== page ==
One of my classmates, Maia, is also involved in tons of activities, including dance, so she occasionally hasn’t had the chance to grab dinner before class. She has become my regular Cro date for post-Goodwin Niering seminars dinners, and through this, also a very close friend.
Just this week, she texted me saying “Are you living that Cro Pass life today??” After all, aren't all good friendships are based on food?
March 25, 2014
In college, cooking is all too often equated with ramen noodles. Fast food and microwaved leftovers aren't exactly gourmet food groups, either. I want to learn how to cook, but I don’t want to do it alone. My solution? Apply to live in an apartment-style residence for junior year, with a kitchen for gourmet experimentation.
Last week, I did just that. My friend Alex and I applied to live together in one of the apartment-style options available to upperclassmen. These are campus housing options, but have kitchens and a little more independence. I can’t explain how excited I am to learn to cook my own meals in preparation for life after College. Alex and I are both peer educators on campus and living together will give us a way to plan and help run the organization.
Most importantly, I will certainly be buying an apron.
March 13, 2014
The perfect end to midterms week came last Thursday at Taste of Harris. Independent food vendors visit campus once every Spring and serve everything from sausage ravioli to margarita pizza. At the end of the meal, students vote on their favorite items and the dining hall staff try to include the winners on the regular menu. Black bean burgers are now available in Harris after they made an appearance at last year's Taste of Harris.
February 25, 2014
Have a favorite place in your town where you just love to eat? Conn is like a small town and we’ve all got our favorite places to socialize and get meals. For me, it’s Smith Dining Hall.
I can go on and on about why Smith is my favorite place for breakfast and lunch. I mean, if you can find one bad thing about Smith, let me know.
Let me take you on a Smith adventure: It all starts with cheese and veggies! Spinach, lettuce, beans, corn salads, tomato salad... basically everything and anything you need for a salad. (Oh, did I forget to mention guacamole? Yeah, that just happened.)
Next are the famous flavored sauces and mayos that you and your friends will come here for. Chipotle-mayo is definitely my favorite, but others are partial to the sundried tomato and pesto spreads.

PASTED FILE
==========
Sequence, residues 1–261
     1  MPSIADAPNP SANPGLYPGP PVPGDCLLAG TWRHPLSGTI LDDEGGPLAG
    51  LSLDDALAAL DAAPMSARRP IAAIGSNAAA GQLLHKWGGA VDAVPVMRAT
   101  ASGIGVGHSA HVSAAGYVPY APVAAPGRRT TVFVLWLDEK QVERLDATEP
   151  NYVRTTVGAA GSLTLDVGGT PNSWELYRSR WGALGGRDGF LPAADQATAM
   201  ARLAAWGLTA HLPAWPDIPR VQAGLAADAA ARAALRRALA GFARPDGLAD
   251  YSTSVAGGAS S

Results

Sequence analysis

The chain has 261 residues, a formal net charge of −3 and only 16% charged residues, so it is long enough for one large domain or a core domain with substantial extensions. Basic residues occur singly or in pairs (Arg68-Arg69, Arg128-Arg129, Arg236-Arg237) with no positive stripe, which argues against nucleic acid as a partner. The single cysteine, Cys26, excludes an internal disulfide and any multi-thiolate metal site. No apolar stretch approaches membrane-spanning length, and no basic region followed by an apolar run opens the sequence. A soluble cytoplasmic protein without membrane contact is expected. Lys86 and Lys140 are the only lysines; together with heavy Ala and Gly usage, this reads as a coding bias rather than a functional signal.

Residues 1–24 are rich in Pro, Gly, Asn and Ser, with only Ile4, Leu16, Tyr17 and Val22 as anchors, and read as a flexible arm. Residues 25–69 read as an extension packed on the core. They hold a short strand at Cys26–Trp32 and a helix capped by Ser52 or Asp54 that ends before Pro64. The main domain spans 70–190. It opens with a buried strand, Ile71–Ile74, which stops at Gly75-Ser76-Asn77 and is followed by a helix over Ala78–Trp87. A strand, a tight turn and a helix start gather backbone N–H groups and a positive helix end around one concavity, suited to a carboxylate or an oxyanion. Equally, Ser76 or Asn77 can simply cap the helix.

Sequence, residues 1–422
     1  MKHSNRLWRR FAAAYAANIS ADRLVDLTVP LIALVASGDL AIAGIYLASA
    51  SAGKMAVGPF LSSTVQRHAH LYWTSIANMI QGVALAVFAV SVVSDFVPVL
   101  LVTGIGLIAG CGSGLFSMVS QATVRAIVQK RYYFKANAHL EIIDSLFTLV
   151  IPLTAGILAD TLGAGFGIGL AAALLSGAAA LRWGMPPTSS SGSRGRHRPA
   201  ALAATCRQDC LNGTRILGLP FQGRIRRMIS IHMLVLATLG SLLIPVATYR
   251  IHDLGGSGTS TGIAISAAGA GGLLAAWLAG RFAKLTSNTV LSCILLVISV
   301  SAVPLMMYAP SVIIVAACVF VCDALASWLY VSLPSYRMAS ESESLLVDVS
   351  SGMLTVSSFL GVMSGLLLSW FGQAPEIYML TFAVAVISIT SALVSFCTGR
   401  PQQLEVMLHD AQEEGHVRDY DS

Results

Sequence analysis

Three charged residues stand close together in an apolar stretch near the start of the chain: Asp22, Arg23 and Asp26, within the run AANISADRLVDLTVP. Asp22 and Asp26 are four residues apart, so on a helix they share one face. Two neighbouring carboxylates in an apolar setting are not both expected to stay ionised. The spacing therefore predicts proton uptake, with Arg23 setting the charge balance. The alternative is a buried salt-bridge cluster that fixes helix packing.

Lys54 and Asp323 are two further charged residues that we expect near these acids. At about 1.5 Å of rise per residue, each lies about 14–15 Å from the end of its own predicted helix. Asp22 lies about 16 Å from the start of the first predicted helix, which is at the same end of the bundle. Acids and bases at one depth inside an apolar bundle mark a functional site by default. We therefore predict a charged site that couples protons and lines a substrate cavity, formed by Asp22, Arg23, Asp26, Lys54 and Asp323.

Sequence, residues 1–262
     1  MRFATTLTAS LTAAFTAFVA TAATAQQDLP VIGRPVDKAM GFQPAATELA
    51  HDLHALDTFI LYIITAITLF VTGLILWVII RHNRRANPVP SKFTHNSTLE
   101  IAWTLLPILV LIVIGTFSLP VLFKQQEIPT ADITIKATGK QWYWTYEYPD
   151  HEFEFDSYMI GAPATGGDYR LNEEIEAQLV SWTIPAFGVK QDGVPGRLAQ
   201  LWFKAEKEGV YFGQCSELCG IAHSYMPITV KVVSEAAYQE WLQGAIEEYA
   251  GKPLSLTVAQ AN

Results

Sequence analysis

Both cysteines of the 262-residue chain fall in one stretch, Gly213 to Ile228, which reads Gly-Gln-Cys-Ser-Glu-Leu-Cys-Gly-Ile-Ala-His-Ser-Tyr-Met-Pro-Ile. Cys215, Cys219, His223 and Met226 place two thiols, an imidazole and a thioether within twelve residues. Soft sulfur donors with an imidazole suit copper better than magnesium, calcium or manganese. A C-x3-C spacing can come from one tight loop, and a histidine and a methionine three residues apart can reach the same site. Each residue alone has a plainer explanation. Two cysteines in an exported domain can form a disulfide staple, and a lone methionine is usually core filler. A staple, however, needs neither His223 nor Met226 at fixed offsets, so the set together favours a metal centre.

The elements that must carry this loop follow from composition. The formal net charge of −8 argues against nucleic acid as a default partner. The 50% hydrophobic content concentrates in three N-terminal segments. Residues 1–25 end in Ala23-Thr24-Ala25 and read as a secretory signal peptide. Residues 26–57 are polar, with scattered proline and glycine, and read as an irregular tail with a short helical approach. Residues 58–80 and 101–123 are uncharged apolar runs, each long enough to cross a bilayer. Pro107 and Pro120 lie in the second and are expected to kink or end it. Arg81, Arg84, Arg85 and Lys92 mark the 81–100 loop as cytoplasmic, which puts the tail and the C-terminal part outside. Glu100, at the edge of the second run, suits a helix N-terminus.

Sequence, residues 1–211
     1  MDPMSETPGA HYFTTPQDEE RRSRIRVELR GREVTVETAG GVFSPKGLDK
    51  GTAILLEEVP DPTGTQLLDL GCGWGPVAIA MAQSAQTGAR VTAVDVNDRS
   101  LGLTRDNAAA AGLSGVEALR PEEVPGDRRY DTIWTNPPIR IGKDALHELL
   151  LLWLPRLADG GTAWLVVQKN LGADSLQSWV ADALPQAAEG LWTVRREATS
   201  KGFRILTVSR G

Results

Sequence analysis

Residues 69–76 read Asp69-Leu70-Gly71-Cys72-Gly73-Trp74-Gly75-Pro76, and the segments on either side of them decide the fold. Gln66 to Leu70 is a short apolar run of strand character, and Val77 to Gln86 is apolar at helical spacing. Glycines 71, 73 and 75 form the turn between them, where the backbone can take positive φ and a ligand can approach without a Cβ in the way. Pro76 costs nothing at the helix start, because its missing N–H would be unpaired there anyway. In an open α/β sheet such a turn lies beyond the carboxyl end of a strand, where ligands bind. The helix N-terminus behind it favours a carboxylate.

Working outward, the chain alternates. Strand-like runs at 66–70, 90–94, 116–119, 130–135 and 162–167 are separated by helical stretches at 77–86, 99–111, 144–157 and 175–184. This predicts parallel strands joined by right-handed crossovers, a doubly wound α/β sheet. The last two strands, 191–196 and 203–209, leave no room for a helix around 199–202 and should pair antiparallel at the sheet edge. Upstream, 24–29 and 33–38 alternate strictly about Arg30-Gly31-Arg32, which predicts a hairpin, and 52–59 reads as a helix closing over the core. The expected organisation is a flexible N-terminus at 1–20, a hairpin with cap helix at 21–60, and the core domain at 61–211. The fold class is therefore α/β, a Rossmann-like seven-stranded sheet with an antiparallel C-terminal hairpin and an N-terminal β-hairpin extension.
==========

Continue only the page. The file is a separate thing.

Toward the end of the line are the meats, should you choose to accept them. (Who doesn’t like a zesty chicken?) I love a zesty chicken, and Smith knows what I love, so they have a zesty chicken.
What makes Smith really special, however, is that I haven’t run into a single rude person in all my afternoons here. Admittedly, Smith is one of the smallest and most popular dining halls, yet there’s never a “Move!” Instead, I always hear “Excuse me”. Never a “I was using that,” always an “Oh sorry, after you.” Smith allows us to create all types of wondrous sandwiches and salads. In the dining hall’s simplicity, it creates a space of unity. That’s what I love about Smith.
February 11, 2014
One of my best friends, Caroline, visited me at Conn over the weekend. Although she and I love quiet chats over mocha at our favorite coffee shops, we also love adventures like kayaking to islands off Maine’s coast and square dancing in Charlestown.
Therefore, it came as no surprise that we spent our time together at Conn doing something adventurous. What did we do? We cooked.
After Caroline arrived in New London on the Amtrak, we headed to Fiddleheads, a natural foods co-op downtown. We looked up vegetarian recipes on our phones and came across an easy one for black bean and sweet potato enchiladas.
Fiddleheads had the ingredients available, even in small portions. That meant that instead of buying an entire shaker of chili powder and bottle of canola oil (which my meal-plan-self would not finish), we could take just as much as the recipe called for.
Around dinnertime, Caroline and I set out to cook our enchiladas in Lazarus Dorm’s kitchen. Although most students at Conn live in the dorms and eat all their meals in dining halls, some apartments are available. Other buildings, like Lazarus, have dorm rooms but shared kitchens that all students, like myself, can use.